In his election-night concession speech, Greitens thanked people and told them to go home with “strength and pride.” The Kansas City Star reported that his speech talked about the lies, fear and cruelty his voters faced. “God has a plan,” Greitens said. “It doesn’t always work on our timeline. But it does work on his. And sometimes we have to practice patience. What I can tell you, is that I love you guys. I love you guys. And I will continue to work for you, continue to fight for you, continue to serve you every single day of my life.”

Independent U.S. Senate candidate John Wood delivers petition signatures Aug. 1, 2022, at Secretary of State Jay Ashcroft’s office in Jefferson City. Wood needs 10,000 signatures from registered voters to make the November ballot. (Photo by Rudi Keller/Missouri Independent)

November wild card: John Wood

One wild card in November is John Wood, who delivered petitions Aug. 1 in the hope of being be listed alongside Schmitt and Busch Valentine, along with Libertarian Jonathan Dine and Constitution Party candidate Paul Venable.  

The Associated Press reported: “Republican leaders got their wish with the defeat of former Missouri Gov. Eric Greitens in the U.S. Senate primary. Now, they face another complication: A well-funded, right-leaning political newcomer who could splinter some of the Republican and independent vote in November.”

The AP story by Jim Salter went on to quote Wood. “He’s very divisive and extreme and playing to the extreme parts of the Republican Party,” Wood said of Schmitt. “I think there is still room for a mainstream candidate who is going to appeal to a large segment of Missouri voters.”

Still, the AP quotes John Hancock, a former Missouri Republican Party chair, as saying Wood has “zero chance” of winning, and unlikely to take enough votes away from Schmitt to push Busch Valentine to victory. “Given the state of the electorate in Missouri and how substantially right of center it is, if he (Wood) ends up in the single digits or even the low double digits, Eric Schmitt still wins,” Hancock said.

Wood — a former U.S. attorney with deep Republican roots — is supported by former Republican U.S. Sen. Jack Danforth. Danforth’s political action committee, Missouri Stands United, has already spent about $5 million to promote Wood’s candidacy.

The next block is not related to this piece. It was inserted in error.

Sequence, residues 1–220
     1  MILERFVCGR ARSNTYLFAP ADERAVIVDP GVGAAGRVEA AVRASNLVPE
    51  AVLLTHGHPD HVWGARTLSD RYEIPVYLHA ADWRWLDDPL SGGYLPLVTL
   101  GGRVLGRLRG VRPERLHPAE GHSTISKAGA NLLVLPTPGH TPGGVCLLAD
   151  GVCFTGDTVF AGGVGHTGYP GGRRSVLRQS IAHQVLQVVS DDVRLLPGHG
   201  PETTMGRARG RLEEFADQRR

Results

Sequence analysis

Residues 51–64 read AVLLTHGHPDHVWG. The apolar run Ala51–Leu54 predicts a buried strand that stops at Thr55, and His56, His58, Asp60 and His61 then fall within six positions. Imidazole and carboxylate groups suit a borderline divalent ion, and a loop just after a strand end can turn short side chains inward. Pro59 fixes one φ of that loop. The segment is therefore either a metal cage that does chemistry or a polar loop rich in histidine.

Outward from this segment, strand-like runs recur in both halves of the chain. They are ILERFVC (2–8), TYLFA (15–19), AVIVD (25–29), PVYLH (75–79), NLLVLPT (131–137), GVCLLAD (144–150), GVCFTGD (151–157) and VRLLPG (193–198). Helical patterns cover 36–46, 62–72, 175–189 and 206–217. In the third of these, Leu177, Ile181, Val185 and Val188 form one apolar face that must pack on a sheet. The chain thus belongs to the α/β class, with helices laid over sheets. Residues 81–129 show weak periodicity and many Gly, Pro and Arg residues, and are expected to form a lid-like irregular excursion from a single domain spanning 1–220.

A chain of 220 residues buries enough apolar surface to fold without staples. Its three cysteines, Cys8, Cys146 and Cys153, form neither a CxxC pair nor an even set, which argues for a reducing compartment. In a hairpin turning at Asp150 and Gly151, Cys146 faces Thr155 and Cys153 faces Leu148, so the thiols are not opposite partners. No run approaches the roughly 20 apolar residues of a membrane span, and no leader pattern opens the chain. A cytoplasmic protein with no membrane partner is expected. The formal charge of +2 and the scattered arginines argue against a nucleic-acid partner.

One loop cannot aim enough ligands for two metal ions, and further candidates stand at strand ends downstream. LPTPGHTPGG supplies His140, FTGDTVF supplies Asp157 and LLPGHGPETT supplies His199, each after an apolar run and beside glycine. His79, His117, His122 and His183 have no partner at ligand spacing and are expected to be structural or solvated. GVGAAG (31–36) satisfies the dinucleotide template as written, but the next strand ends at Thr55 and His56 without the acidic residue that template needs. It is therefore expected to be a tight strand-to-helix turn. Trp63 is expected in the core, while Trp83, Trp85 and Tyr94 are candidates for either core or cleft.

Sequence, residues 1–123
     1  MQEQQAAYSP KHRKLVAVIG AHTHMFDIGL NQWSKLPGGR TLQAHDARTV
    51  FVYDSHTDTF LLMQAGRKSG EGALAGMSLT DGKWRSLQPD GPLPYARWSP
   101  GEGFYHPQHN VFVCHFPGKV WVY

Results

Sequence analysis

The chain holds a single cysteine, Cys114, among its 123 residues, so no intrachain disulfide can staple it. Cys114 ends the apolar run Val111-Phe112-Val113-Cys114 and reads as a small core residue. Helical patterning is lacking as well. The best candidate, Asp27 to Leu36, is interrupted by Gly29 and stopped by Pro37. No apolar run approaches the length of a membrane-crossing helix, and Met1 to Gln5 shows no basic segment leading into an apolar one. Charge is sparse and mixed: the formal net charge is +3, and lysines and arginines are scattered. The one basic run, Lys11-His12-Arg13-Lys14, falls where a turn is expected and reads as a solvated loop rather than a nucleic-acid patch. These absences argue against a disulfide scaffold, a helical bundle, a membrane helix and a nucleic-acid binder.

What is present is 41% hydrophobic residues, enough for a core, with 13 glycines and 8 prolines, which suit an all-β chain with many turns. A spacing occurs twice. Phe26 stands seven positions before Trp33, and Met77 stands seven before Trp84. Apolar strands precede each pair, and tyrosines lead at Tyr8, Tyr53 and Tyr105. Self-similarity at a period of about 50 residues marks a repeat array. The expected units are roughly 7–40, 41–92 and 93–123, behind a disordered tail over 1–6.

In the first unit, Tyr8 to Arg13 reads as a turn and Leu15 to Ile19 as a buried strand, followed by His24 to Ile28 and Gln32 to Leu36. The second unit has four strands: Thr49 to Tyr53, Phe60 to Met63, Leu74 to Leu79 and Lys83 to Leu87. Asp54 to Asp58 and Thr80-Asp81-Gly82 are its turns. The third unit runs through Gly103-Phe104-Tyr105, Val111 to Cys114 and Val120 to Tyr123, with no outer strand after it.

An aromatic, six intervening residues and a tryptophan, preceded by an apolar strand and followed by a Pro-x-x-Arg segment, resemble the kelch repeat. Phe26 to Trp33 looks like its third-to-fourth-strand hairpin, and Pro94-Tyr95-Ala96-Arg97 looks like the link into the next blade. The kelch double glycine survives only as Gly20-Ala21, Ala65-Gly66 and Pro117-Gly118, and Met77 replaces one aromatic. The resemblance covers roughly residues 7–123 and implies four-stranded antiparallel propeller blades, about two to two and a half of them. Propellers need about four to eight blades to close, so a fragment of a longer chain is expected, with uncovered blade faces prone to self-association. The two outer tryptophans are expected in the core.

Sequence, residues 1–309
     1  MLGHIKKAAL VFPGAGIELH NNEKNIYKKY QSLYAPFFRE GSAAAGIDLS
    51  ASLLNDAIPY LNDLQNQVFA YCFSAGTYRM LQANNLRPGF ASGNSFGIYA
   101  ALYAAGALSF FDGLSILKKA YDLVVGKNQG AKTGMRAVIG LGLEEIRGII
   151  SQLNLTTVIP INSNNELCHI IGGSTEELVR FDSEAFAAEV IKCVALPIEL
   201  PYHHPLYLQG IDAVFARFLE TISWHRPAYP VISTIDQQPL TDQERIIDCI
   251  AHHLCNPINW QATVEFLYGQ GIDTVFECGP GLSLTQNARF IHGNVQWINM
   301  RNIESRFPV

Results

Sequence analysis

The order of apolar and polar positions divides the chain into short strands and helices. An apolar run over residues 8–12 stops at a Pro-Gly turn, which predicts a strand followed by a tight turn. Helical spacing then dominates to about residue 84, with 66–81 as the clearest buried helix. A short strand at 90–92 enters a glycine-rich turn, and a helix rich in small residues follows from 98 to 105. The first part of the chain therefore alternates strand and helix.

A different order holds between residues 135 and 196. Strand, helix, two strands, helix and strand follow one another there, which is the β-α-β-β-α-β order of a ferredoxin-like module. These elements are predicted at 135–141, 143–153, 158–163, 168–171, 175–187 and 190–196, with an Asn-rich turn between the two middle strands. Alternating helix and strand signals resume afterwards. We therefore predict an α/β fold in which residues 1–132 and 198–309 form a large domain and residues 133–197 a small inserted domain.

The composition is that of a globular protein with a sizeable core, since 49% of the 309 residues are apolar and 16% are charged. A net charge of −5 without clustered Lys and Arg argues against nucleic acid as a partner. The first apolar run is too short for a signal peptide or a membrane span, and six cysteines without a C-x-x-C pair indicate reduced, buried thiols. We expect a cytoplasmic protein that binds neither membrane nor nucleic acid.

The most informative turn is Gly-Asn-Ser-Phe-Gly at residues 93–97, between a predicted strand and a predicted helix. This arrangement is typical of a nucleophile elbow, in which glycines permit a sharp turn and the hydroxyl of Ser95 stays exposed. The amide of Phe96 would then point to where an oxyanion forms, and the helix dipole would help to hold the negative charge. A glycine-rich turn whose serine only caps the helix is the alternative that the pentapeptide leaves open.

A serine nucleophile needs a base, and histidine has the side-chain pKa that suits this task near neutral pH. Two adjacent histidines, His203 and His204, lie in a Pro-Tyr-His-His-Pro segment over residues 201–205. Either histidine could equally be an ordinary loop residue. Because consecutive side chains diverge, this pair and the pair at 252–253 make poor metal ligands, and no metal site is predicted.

November wild card No. 2: Abortion

Another wild card could be the issue of abortion.

The Kansas City Star reported: “If there was one thing injecting hope into Democrats Wednesday morning, it was a vote across in neighboring Kansas, where voters rejected a constitutional amendment that would eliminate the right to an abortion in the state, a massive victory for abortion rights advocates in a red state.

“… On one side Schmitt, who as state attorney general enacted Missouri’s strict ban on abortion, one that does not include exceptions for rape or incest. On the other is Busch Valentine, an abortion rights supporter who is emphasizing her background as a nurse in an effort to bolster her credentials on women’s health issues.”

She told the Star: “I think that abortion rights, the intelligence, the autonomy and the independence of a woman, and the right to choose is going to be a big, big thing in this election,” Busch Valentine said.

Republican Attorney General Eric Schmitt easily won his party’s nomination for U.S. Senate on Aug. 2, 2022. (Photo from Team Schmitt for US Senate Twitter feed)

November wild card No. 3: Experience

One candidate (Schmitt) has twice run successful statewide races and spent 17 years in public service, starting as an alderman in the St. Louis suburb of Glendale, and working his way through offices as state Senator, then to the offices of State Treasurer and Attorney General.

The other candidate (Busch Valentine) has no political experience, and it frequently showed during the primary. She stumbled in interviews when it came to social issues, particularly as it relates to LGBTQ rights. Her hometown paper, the St. Louis Post-Dispatch, endorsed Kunce and said Busch Valentine came across as “unprepared and unconvincing.”

She will likely need to be much more polished come October to pull off the upset of Schmitt in a state that now leans heavily Republican.

Please note: The Springfield Daily Citizen’s weekly Senate Campaign Digest will return in mid-September.

The Daily Citizen Senate Campaign Digest is compiled by David Stoeffler, CEO of the Daily Citizen. Stoeffler has more than 30 years of experience in covering politics in Wisconsin, Nebraska and Missouri. If you have tips or suggestions for the Senate campaign coverage, you may email him at